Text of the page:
Whether you are a regular park visitor or new to Massachusetts state parks, open space is more valuable than ever! You can help DCR keep properties safe, welcoming and more climate resilient by planning your visit in advance. Learn about spring, self-guided and accessible adventures, parking, programs and events, dogs and pet waste, camping, fishing, hunting, and more!
Guide Visiting Massachusetts State Parks Guide
Table of Contents
Know before you go
DCR has many self-guided Covid-19 friendly guides to get out and enjoy the fresh air. Visit the DCR Programs and Events page for more info.
Find a Massachusetts State Park
The Department of Conservation and Recreation manages over 150 state parks across the Commonwealth. These protected lands include mountains, freshwater beaches, saltwater beaches, and much more.
If you know what you want to do in a state park, search parks by recreation type or amenities.
Parking fees and passes for state parks
Many DCR facilities have a parking fee. Massachusetts residents pay lower fees than non-residents. Resident and non resident status is determined by the vehicle license plate. Some parks only charge fees during certain times of the year. Click the link below to view the most recent parking fees schedule for every state park.
Annual Parking Pass
You can save money on park visits by getting an annual ParksPass. A ParksPass waives the daily parking fee for most DCR parks. The parking pass costs $60 for Massachusetts residents.
In an effort to prevent the further spread of COVID-19, non-resident park passes are currently unavailable
These vehicles do not need a DCR ParksPass. Daily parking fees are waived for vehicles with a:
- Handicapped license plate or placard
- Purple Heart Recipient license plate or placard
- Disabled veteran license plate or placard
Massachusetts residents aged 62 and older can buy a lifetime parking pass. The lifetime Senior ParksPass costs $10. Senior Parkspasses may only be bought in person or by mail.
Additional Resources for Parking fees and passes for state parks
Find park information and restrictions
It is important to be prepared for your trip to a state park. Make sure you have a map, know park restrictions, and have a parking pass.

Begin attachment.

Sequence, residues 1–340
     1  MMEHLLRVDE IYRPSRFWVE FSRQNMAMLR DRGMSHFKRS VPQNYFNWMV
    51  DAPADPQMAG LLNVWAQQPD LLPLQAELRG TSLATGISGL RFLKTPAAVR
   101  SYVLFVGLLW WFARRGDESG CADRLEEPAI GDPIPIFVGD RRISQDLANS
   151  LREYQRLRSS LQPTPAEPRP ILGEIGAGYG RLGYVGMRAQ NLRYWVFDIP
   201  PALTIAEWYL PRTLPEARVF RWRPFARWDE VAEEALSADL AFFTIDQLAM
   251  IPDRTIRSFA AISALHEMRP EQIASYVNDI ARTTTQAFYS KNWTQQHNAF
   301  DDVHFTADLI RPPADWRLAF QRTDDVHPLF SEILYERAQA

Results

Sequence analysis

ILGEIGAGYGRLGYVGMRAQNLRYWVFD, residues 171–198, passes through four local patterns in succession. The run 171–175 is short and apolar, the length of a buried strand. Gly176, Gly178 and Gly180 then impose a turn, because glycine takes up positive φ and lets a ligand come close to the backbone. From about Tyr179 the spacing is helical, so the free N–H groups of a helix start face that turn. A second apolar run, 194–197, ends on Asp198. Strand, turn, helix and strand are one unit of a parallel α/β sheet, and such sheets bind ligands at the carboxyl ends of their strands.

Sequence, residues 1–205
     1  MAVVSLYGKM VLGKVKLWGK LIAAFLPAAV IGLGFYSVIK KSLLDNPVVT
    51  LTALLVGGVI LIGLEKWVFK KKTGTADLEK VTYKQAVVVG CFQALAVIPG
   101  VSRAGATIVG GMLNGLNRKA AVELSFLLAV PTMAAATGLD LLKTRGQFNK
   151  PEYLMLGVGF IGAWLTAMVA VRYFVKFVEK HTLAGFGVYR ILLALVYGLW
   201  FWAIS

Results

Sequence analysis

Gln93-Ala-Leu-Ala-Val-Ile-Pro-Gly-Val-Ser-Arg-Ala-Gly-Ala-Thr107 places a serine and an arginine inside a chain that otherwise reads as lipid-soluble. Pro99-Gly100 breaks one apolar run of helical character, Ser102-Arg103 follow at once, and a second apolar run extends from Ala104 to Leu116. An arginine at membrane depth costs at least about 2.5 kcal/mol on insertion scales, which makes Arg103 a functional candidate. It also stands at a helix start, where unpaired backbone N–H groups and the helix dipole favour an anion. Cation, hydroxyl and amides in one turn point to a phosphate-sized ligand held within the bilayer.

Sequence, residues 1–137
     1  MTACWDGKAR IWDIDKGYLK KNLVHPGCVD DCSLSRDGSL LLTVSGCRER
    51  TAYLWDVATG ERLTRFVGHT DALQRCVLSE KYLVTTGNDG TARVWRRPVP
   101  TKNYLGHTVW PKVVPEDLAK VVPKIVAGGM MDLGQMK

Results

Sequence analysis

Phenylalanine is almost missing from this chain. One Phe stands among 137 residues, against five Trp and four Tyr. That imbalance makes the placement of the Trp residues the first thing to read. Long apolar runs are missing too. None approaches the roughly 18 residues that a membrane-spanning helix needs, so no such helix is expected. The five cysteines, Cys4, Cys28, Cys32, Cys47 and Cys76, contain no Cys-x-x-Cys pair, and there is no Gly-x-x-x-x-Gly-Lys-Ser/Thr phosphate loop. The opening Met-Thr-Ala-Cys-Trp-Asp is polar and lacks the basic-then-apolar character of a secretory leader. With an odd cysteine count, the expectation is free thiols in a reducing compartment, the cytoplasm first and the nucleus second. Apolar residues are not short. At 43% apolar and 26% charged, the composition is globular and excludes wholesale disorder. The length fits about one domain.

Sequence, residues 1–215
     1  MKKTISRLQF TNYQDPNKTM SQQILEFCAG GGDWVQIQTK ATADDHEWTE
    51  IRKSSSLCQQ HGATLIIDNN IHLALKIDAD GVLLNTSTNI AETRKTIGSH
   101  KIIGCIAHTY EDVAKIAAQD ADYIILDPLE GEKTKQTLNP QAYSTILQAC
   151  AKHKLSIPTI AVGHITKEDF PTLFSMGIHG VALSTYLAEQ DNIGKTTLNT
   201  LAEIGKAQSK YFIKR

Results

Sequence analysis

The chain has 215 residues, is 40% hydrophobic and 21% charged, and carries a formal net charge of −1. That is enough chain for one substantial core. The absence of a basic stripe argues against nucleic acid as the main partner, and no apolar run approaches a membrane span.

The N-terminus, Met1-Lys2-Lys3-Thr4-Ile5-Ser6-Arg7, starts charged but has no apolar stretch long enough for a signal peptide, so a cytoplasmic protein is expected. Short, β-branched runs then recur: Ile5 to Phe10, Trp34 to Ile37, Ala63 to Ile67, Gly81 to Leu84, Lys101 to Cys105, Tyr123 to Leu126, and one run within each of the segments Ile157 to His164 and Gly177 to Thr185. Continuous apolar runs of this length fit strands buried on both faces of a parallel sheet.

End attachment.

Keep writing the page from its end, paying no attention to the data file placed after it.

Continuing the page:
Look for these symbols at the top of state park pages to find out more about the park.
Check the "Accessibility" and "Restrictions" sections of park web pages for more information on rules and accessible recreation.
Accessibility at state parks
The Department of Conservation and Recreation's Universal
Access Program ensures that people of all abilities can enjoy the Massachusetts state parks system.
Through the Universal Access Program, DCR offers accessible recreation at parks across the state, including:
- Accessible hiking
- Accessible camping
- Accessible beaches and pools
- Accessible boating
- Accessible ice skating
- Accessible skiing
- Accessible fishing
- Accessible scenic views
Prepare for hiking, biking, and other recreation with a printable trail map. Every park with a trail map will have a download link for the map at the top of the park's web page. A full list of trail maps is linked below.
Reserve a campsite or day use site
Are you planning a big event or simply looking to go camping for the weekend? There are 29 state parks that allow camping and many have facilities for daytime use.
State parks with campgrounds will have the following link on their page:
Reserve a campsite
Through the "Reserve a campsite" link on park web pages you can find:
- Camping rates
- Amenities at campsites
- Available campsite types
- Camping season information
- Campground rules
There are 22 Massachusetts state parks with sites that can be rented for daytime use. Pavilions, picnic areas, and other sites are available for events, such as field trips, family reunions, and weddings.
Weddings and other special events
How to get recreational permits or licenses
To keep park patrons and the environment safe, the Commonwealth offers services that prepare you for various types of recreation.
Hunting is allowed at numerous state parks. It is important to know the hunting regulations for state parks to ensure everyone has a safe and fun time.
Fishing is popular at inland and coastal parks. In addition to acquiring a freshwater or saltwater fishing license, you will need to follow the fishing rules of the park you visit.
Many state parks have boat ramps for public use. All motorized boats are required to be registered with the Massachusetts Environmental Police, Bureau of Registration and Titling
Educational programs and park events
Many DCR state parks offer activities for all age groups. These activities can include:
- Nature walks
- Historical talks
Parks that list educational programs will have a "Find park programs and events" link at the top of the park web page or at the bottom in the "More info" section. Through the link below you can view upcoming park events or search events by park.
Find park events and programs